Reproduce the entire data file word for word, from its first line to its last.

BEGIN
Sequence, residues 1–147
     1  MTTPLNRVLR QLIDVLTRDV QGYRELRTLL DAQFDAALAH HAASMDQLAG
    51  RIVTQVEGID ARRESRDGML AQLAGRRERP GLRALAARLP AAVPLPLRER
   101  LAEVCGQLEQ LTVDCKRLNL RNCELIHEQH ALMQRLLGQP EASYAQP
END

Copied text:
Sequence, residues 1–147
     1  MTTPLNRVLR QLIDVLTRDV QGYRELRTLL DAQFDAALAH HAASMDQLAG
    51  RIVTQVEGID ARRESRDGML AQLAGRRERP GLRALAARLP AAVPLPLRER
   101  LAEVCGQLEQ LTVDCKRLNL RNCELIHEQH ALMQRLLGQP EASYAQP